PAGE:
Thanks to various technological advances in recent years we have been able to, among other things, improve our decision making, save time and be more efficient in our daily lives. For example, the automobile GPS system is an indispensable tool when traveling abroad. However, we tend to trust it blindly and follow its instructions to the letter. However, this technology is fallible as three Japanese tourists unfortunately learned the hard way. While visiting Australia, they had to abandon their rental car… in the Pacific Ocean! Even though it was obvious that the route proposed by the GPS led nowhere, they did not question it for a single moment.
We can certainly learn a lesson from this misadventure, which also applies to the stock market...
Even when all the experts agree, they may well be mistaken.
At the end of each year, Wall Street's top strategists publish their earnings forecasts for the S&P 500, the leading benchmark in the United States. Like the Japanese tourists mentioned above, many active traders follow these predictions religiously, without questioning the usefulness of this kind of information. Given that these professionals have extensive stock market experience and privileged access to quality financial information and sophisticated financial forecasting models, it is naturally tempting to trust them. However, in my opinion, you should not rely solely on this type of forecast or you may risk your performance going adrift...
Firstly, according to Bespoke Investment Group, between 2000 and 2015, the Wall Street strategist consensus projected a positive performance for the S&P 500 for each of these years and an average annual return of 9.5%. In fact, during this period, the S&P 500 posted a negative performance for five years – in 2000, 2001, 2002, 2008 and 2015 – and an average annual return of just 3.9%. Moreover, in 2008, the yield spread between the average forecast of these specialists and the index was 49.6% (consensus: 11.1% vs S&P 500: –38.5 %).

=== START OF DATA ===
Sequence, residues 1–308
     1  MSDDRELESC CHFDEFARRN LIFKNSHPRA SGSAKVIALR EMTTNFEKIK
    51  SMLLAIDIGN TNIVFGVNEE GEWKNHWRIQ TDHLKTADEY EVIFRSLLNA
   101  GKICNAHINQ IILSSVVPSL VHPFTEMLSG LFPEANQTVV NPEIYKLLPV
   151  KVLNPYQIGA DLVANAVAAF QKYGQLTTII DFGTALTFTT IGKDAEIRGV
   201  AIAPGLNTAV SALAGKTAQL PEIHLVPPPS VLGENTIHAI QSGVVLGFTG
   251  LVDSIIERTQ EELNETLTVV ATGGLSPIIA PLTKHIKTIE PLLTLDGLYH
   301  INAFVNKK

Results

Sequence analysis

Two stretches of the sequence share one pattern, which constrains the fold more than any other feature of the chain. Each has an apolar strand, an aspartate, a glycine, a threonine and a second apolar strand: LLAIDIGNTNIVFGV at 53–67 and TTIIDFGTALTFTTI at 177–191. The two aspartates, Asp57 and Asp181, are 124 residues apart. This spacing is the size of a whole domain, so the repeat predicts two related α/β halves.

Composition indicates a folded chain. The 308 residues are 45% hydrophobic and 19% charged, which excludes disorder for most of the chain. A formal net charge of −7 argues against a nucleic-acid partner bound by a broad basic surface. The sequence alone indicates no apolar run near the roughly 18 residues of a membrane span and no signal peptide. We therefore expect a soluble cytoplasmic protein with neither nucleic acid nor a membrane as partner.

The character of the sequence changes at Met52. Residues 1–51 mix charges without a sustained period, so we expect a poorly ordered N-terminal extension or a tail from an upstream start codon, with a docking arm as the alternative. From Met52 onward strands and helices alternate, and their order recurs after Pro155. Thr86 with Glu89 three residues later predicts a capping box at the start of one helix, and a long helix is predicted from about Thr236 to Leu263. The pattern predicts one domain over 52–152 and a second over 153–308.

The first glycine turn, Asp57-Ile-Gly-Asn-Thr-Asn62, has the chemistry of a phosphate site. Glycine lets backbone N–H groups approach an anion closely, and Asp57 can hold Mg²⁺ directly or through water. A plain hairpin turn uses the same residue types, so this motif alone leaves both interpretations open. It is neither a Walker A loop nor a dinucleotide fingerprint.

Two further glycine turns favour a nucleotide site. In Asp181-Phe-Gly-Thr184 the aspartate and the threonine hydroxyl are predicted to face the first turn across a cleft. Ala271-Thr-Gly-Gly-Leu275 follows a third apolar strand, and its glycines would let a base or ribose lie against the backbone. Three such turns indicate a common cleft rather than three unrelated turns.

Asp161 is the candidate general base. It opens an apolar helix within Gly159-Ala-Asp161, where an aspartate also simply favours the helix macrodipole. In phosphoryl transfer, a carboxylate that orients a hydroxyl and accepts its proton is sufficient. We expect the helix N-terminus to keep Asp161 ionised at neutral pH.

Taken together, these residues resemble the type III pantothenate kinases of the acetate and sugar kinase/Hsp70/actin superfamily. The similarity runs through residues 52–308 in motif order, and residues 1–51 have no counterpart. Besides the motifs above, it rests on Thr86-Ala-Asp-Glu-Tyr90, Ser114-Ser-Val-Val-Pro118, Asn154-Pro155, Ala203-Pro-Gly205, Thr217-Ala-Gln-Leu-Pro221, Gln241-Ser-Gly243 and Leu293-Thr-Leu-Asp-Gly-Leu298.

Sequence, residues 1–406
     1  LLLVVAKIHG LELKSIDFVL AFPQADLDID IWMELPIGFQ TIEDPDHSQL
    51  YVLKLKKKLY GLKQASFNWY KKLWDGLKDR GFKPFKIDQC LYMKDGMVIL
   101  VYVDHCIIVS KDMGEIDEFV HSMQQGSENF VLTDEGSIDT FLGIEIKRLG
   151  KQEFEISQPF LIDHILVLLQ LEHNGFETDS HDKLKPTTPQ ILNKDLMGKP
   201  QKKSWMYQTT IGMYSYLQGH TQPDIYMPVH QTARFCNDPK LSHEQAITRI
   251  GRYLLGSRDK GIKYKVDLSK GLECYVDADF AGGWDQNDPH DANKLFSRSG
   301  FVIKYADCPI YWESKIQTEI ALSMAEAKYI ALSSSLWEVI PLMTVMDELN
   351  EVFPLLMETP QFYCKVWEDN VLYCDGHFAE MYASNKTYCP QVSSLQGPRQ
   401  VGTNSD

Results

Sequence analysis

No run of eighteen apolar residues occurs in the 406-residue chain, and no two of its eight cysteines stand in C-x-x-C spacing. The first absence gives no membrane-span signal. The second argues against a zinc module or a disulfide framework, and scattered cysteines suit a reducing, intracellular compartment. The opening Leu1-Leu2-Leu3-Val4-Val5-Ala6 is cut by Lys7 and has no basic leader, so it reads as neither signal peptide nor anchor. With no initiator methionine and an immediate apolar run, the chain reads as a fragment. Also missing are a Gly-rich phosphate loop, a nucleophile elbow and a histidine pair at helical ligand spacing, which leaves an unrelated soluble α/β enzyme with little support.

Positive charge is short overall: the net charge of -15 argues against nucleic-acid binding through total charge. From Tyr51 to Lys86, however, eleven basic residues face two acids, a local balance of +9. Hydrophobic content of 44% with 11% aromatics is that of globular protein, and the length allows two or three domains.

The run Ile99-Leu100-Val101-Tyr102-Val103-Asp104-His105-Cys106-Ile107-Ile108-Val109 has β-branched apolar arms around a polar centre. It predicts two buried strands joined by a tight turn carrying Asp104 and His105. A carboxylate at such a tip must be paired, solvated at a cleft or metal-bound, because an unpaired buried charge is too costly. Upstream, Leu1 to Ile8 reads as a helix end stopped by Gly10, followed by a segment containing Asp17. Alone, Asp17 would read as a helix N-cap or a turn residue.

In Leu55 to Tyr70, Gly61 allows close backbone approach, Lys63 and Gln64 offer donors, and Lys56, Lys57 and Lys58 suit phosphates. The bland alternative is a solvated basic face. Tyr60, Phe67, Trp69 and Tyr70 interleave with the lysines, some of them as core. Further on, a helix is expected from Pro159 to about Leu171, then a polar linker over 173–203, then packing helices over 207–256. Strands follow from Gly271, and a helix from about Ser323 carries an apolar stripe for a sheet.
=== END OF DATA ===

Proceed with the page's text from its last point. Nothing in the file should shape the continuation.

Secondly, because they use substantially the same analytical framework, we see a sheep-like behavior of these experts in setting their target prices for the S&P 500. For example, for 2017, the average expected level is 2,356 points for the S&P 500, an increase of about 5%. Jonathan Golub, the chief strategist at RBC Capital Markets, is the most optimistic with a target price of 2,500, a difference of only 200 points from the most pessimistic forecast (2,300) shared by five strategists.
In light of the above, it is preferable for active traders to develop an analytical method of their own. They would therefore be less inclined to pay attention to these types of predictions which, after all, have proven futile. To do so, I invite you to register for one of the many training programs offered by Desjardins Online Brokerage. Whether these sessions involve technical analysis, options or risk management, you will be able to acquire the knowledge, skills and abilities needed to develop your own strategies, manage your investments appropriately and above all, develop your critical thinking with regard to recommendations from financial professionals like Wall Street strategists.